Iguanas Are Falling! – And Causing Car Wrecks – As Temperatures Dip In Florida

  • Lizard-sicles don't sound very tasty to me…

Photo by Cindy Williams Moore on Unsplash


Florida people everywhere, you are warned: Beware of falling iguanas! And no, they are not dead…

Falling Iguanas

The National Weather Service issued a warning across all of Florida, saying that they need to beware of falling iguanas. As the temperatures in Florida get lower, the cold-blooded lizards slow down or become motionless and can drop from the trees on to your head. “This isn’t something we usually forecast, but don’t be surprised if you see Iguanas falling for trees tonight as lows drop into the 30s and 40s. Brrrr!” wrote The National Weather Service of Miami-South Florida. They also posted an infographic explaining the strange (but very real) phenomenon. It indicated that temperatures on 21st night in Miami, Fort Lauderdale, Palm Beach, and Interior and Gulf Coast region put the iguanas at risk of falling.

Iguana Facts

Iguanas are an invasive species, native to Central and South America. They begin to get sluggish when temperatures drop to below 50 degrees, according to Kristin Sommers of the Florida Fish and Wildlife Conservation Commission (FWC). If the temperature drops, they freeze up.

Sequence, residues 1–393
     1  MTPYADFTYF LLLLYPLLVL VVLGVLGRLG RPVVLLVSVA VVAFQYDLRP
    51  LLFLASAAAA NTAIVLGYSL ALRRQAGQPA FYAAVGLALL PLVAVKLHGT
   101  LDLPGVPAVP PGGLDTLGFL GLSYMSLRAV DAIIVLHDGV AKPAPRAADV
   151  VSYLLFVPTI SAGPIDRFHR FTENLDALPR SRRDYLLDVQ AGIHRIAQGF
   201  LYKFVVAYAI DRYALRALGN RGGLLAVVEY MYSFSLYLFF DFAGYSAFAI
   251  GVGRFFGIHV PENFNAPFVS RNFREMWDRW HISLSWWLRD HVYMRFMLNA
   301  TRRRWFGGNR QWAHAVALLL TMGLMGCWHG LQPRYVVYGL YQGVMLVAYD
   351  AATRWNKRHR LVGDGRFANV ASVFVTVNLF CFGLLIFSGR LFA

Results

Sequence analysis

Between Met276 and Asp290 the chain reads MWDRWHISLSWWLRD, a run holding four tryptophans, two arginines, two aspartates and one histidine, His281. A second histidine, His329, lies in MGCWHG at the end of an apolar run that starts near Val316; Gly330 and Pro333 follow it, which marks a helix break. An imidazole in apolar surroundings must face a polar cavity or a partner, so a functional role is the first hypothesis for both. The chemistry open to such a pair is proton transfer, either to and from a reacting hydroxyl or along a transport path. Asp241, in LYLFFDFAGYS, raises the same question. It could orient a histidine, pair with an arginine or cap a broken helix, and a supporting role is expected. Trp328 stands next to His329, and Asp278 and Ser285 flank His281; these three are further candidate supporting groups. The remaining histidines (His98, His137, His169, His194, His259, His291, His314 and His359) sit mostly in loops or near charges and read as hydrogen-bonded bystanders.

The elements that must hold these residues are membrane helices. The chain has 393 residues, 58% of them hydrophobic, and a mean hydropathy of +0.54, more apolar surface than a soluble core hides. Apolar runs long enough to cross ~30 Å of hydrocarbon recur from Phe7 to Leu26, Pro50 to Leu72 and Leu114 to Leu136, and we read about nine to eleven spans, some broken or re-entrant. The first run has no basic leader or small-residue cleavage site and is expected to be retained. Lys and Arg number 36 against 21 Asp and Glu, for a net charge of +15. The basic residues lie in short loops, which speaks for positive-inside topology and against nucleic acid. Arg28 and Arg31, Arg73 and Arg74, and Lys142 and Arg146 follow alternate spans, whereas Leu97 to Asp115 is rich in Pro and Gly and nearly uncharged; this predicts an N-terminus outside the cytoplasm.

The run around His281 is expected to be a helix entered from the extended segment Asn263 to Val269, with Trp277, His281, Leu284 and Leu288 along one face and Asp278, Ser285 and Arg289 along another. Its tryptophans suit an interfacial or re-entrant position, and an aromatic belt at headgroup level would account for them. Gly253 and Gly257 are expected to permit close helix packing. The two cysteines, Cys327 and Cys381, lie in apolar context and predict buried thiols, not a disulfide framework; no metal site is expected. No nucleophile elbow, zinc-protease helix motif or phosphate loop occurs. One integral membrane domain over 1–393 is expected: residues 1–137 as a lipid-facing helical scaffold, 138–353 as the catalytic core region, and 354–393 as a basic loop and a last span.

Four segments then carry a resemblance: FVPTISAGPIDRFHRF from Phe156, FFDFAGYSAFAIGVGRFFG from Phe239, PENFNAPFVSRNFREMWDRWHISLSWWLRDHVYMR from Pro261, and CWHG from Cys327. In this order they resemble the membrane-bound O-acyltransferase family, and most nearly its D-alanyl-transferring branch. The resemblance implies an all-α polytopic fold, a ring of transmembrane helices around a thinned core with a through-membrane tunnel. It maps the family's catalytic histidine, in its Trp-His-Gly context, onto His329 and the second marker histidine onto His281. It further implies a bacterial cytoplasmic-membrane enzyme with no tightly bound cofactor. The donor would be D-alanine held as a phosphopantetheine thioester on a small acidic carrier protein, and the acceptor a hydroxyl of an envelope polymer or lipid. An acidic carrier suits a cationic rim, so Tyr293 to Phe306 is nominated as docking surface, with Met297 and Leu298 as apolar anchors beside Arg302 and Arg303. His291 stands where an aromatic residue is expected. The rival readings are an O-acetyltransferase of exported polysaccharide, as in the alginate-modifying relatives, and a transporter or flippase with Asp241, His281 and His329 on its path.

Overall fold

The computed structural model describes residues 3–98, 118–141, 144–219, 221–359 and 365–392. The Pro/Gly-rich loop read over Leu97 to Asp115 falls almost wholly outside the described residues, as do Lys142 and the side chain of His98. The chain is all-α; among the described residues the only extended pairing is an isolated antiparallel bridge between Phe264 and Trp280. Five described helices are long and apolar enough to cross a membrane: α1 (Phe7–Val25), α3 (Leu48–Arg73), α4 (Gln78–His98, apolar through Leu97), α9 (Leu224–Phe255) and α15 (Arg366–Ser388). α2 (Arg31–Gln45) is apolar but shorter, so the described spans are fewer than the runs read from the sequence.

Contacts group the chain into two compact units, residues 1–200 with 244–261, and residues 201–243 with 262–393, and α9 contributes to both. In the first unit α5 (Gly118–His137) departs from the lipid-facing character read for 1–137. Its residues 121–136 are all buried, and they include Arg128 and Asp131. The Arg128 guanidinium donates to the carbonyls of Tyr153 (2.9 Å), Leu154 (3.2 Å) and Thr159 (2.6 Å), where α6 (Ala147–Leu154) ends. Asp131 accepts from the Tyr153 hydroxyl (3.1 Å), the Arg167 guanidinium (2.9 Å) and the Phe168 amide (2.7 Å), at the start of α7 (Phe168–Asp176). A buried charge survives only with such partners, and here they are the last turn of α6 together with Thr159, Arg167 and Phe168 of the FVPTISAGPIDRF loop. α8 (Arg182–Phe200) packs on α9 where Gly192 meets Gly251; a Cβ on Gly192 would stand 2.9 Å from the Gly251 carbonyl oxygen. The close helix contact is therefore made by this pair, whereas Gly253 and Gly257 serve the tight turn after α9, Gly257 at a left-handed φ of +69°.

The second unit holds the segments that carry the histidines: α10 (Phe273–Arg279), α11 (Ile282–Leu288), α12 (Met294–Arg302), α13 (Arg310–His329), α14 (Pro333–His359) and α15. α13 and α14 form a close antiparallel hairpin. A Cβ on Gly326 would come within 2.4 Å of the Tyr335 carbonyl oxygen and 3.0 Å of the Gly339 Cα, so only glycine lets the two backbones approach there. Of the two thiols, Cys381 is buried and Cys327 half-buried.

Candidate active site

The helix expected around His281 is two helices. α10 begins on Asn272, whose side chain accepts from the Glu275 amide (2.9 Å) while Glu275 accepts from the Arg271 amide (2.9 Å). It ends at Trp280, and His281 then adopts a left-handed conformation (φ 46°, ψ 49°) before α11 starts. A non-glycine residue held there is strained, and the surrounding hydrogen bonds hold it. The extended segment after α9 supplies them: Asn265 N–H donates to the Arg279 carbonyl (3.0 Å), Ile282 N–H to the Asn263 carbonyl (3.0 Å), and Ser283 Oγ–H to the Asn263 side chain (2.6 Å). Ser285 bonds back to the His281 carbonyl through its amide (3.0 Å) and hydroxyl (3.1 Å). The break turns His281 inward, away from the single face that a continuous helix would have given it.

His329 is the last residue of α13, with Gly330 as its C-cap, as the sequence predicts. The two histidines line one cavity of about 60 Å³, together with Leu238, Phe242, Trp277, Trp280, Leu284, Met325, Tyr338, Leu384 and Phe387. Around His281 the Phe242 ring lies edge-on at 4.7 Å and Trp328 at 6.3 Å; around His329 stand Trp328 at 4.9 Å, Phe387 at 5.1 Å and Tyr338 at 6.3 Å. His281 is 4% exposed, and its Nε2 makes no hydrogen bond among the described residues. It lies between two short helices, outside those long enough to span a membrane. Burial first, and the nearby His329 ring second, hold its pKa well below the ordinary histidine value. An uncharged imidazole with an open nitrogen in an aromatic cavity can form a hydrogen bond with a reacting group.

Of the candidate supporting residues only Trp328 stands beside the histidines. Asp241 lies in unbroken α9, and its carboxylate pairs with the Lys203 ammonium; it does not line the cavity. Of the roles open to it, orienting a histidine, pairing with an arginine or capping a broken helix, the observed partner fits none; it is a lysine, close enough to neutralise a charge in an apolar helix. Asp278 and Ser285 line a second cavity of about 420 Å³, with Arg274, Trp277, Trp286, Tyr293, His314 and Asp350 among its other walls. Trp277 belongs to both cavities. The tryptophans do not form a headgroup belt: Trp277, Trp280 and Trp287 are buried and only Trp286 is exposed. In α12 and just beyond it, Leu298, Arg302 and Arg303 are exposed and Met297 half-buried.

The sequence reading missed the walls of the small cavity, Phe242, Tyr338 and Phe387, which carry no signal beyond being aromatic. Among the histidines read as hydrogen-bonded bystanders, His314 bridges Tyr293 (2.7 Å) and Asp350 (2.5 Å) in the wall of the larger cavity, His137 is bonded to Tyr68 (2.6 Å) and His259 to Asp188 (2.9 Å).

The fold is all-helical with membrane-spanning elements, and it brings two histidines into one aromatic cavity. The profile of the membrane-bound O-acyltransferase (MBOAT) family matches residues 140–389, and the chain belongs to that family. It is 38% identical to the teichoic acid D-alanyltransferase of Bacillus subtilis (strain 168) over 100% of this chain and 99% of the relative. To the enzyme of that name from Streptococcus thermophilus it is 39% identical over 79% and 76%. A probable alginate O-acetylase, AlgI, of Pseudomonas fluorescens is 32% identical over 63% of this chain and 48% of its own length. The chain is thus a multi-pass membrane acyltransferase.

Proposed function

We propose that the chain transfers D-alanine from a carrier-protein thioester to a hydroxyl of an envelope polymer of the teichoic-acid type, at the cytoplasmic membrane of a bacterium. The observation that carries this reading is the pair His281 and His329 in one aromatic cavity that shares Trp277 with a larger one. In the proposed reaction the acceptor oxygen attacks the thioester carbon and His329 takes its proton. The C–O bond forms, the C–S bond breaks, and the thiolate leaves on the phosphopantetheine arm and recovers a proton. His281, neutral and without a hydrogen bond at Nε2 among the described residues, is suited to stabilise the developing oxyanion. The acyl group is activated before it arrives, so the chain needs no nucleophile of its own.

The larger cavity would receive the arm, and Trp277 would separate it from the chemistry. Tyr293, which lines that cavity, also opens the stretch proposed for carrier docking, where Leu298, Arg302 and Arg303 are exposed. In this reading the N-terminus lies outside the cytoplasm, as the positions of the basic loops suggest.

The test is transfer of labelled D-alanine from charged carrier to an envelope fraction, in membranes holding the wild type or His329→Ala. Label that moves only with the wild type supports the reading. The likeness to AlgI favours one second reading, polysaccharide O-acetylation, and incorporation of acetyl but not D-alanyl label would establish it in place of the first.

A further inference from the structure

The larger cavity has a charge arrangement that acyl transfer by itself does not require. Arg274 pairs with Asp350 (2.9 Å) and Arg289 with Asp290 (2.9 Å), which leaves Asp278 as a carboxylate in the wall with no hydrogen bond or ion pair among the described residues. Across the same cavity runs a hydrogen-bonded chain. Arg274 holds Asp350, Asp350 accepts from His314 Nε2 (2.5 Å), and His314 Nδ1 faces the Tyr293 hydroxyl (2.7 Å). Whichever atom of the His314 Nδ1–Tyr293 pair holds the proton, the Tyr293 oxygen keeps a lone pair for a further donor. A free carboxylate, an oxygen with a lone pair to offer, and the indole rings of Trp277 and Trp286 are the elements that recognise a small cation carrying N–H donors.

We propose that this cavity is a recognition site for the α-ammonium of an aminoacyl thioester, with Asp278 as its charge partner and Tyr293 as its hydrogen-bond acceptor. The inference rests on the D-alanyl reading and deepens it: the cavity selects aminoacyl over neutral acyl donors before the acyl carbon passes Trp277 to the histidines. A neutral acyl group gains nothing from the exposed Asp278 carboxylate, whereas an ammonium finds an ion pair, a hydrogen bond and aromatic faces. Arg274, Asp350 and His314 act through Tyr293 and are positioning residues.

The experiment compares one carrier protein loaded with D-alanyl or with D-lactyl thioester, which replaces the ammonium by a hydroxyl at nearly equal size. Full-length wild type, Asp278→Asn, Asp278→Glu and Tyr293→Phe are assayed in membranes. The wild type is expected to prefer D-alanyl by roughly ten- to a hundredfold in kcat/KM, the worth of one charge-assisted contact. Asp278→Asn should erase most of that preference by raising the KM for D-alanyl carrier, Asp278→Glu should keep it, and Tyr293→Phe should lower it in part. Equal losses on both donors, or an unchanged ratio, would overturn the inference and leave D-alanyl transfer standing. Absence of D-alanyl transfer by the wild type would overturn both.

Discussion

That Doesn’t Mean They’re Dead

They aren’t dead and many residents try to help them. However, those residents that find stiffened iguanas, you are advised to leave them alone, as the iguanas may feel that you are threatening and bite when they get warmed up. After iguanas began to drop, a gentleman from Central America, now a Floridian, gathered them up to take home and eat. The iguanas warmed up in the car ride over and came back with a vengeance, causing him to wreck his car.


Last year, The FWC garnered outrage from citizens and animals activists groups after releasing a statement for residents to kill the state’s invasive green iguana population ‘whenever possible,’ according to CBS News. The FWC eventually updated its approach with a new plea that urges public to ‘seek assistance from professionals who do this for a living’ if they cannot remove the animal safely from their property.

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